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Council of Agriculture to label locally produced pork

Label will offer consumers information regarding pork production

U.S. pork will enter the Taiwan market on Jan. 1, 2021.

U.S. pork will enter the Taiwan market on Jan. 1, 2021. (Wikimedia Commons photo)

Council of Agriculture Minister Chen Chi-chung (陳吉仲) said on Saturday that the government is planning to launch labeling for pork that is domestically produced and a system that will offer consumers information regarding production. According to Chen, the new labeling will work just like the existing labeling scheme for organic food and the Taiwan Agriculture and Food Traceability System, both of which are managed by the council and checked by third-party organizations.

Consumers can already scan the QR code on boxed eggs to find out where they came from, Chen said, noting that 70 percent of the pork in Taiwan can also be traced back to the hog farmers. Meanwhile, Lin Tsung-hsien (林聰賢), chairman of the National Animal Industry Foundation, said the industry body has submitted several draft designs for the planned labeling to the council, so that it can be launched in late September or early October.

The foundation was set up by the council to promote production and sales for the animal husbandry business. However, Chen said the council plans to announce more details next week about the labeling and tracing system, which is aimed at helping consumers to distinguish locally produced pork from imported products, which he expects to be introduced before the end of December.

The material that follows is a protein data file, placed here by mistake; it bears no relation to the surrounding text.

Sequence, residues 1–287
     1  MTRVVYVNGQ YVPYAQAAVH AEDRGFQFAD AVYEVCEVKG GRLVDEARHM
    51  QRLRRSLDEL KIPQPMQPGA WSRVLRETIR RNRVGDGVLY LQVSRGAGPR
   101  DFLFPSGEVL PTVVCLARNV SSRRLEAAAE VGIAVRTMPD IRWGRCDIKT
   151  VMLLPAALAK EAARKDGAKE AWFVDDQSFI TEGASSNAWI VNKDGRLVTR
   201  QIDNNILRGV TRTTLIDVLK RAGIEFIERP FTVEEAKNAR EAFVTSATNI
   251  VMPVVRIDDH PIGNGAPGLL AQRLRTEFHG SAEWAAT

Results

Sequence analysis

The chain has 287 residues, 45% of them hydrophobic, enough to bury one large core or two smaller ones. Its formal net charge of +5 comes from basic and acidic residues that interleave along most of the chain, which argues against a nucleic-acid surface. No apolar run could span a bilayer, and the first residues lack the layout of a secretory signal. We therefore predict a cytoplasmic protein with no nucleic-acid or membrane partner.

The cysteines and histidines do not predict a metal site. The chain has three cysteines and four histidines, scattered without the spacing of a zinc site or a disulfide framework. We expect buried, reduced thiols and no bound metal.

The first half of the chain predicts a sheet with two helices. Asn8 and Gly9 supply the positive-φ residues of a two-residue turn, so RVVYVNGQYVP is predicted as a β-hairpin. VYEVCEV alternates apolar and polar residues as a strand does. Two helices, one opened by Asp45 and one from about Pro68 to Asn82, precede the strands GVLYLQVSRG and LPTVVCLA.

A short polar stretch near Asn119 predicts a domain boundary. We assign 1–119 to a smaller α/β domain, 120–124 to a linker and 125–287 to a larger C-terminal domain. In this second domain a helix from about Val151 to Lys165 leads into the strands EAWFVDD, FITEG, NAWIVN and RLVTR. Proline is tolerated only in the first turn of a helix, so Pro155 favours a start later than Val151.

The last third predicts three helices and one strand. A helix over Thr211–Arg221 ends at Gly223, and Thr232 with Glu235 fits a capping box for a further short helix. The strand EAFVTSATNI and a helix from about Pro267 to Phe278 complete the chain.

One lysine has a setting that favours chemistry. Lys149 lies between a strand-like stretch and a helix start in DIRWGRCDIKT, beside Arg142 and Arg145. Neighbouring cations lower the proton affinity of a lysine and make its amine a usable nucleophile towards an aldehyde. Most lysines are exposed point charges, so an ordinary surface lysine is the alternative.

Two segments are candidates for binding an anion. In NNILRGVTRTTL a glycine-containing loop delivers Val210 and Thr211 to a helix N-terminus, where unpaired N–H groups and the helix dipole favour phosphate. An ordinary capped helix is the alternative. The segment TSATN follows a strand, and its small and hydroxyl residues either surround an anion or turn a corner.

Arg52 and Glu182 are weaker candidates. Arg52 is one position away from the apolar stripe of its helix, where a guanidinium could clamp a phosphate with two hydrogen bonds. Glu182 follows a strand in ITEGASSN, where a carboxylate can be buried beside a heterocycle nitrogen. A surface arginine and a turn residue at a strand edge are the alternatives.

President Tsai Ing-wen (蔡英文) announced on Aug. 28 a government plan to ease the existing ban on imported pork containing the leanness enhancing feed additive ractopamine from Jan. 1, 2021, thus allowing imports of pork from the United States. Since then, the government has made public its stance that the use of leanness enhancing drugs will remain prohibited in locally produced pork, while the Ministry of Health and Welfare announced eased standards on the amount of ractopamine residue allowed in imported pork, as well as new food labeling standards involving pork products.

Lin said consumers will be able to tell by the planned new labeling whether restaurants, eateries, or butchers are using local pork. The foundation will help butchers and vendors to adopt the traceability system, in order to establish a clear distinction between pork produced in Taiwan and abroad, he added.

As for labeling rules recently introduced by local governments, such as Tainan, Lin said the central government will not interfere with these measures.
The council's data shows that 90 percent of the pork consumed in Taiwan in 2019 was locally produced.